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Joe Munchak
By Joe Munchak
Joe Munchak
Joe Munchak
Dr. Munchak, Senior Atmospheric Scientist at Tomorrow.io, is an expert in atmospheric sciences and holds a Ph.D. from Colorado State University. With experience ranging from Research Scientist at the University of Maryland to Research Meteorologist at NASA, he now advances precipitation measurement technologies at Tomorrow.io. His work focuses on enhancing cloud and precipitation data through innovative microwave measurement techniques.
Jan 29, 2024· 4 min, 28 sec

Delivering Breakthrough Global Precipitation Quality: An Inside Look at Tomorrow.io’s Innovative Radar Products

Weather radar is the most valuable remote sensing tool for detecting precipitation and related high-impact weather events (i.e., thunderstorms, flash floods, blizzards, and hurricanes).  At Tomorrow.io, we’ve pioneered unique software-defined radar (SDR) via our proprietary ARENA technologies, and our SDR-powered Pathfinder satellites have been collecting data from space since mid-2023 to better detect and forecast these high-impact events.

Now, through in-depth comparative evaluation, we’re announcing breakthrough results: By leveraging Artificial Intelligence (AI) and neural networks in the processing, we’ve demonstrated that these Ka-band Smallsat radars can achieve comparable accuracy with the state of the science, ground-based radar networks.


  1. Impressive quantitative results comparing Tomorrow-R1 and Tomorrow-R2 against MRMS, the United States ground radar system (Nexrad) data product, almost perfectly correlated.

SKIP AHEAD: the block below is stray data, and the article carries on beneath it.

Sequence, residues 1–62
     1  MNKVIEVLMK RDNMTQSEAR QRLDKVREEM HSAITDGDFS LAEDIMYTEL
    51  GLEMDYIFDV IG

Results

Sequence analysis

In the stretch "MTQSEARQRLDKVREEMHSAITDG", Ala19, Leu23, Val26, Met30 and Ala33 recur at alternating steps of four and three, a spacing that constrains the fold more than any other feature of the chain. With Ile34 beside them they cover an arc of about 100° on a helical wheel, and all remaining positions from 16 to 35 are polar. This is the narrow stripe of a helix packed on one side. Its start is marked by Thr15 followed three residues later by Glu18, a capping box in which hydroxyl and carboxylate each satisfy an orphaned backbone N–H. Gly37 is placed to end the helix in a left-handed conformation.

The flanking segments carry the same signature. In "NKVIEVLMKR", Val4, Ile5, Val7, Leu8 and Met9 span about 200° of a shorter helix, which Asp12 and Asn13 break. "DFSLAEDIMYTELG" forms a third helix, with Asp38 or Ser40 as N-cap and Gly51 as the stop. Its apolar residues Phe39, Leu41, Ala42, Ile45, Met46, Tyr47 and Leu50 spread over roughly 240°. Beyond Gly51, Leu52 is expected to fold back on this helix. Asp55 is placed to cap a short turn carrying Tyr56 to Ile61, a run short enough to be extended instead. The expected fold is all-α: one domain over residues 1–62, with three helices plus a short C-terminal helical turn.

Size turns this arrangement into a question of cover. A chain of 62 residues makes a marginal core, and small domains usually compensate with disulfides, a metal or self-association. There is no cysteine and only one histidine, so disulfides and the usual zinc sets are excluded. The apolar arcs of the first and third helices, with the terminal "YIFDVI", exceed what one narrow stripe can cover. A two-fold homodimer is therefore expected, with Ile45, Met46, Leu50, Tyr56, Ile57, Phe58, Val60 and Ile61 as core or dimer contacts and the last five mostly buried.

2. Better results than the Ka Product of NASA’s GPM. Demonstrates that a constellation of Ka-band radars can provide highly accurate precipitation estimates in all weather conditions.
  3. At scale, Tomorrow.io’s constellation will provide global data that will unlock AI models’ ability to operate with sufficient initial conditions.

Validating Game-Changing Measurement Capabilities

In April and June 2023, Tomorrow.io launched our first two Pathfinder satellites hosting ARENA – Tomorrow-R1 and Tomorrow-R2 – SDR radars finely tuned to observe key environmental variables like precipitation. Built on an entirely new architecture using pulse compression and frequency agility, ARENA provides flexibility to adapt beamforming, signal processing, and operating modes via software updates uploaded regularly from the ground.

Tomorrow-R2 data captured over Hurricane Tammy on October 25, 2023. The just-in-time tasking capability of the Pathfinder was demonstrated by explicitly targeting the instrument to scan the storm’s eye, showcasing the flexibility of the mission operations to capture data in extreme weather conditions.

The radar data is first processed to the fundamental measurement unit of radar reflectivity, which measures the power scattered back to the radar by particles in the atmosphere and the earth’s surface. While this data can provide useful information directly about the structure of clouds and precipitation, further processing is required to convert it to atmospheric variables such as liquid water content, ice water content, and precipitation rate.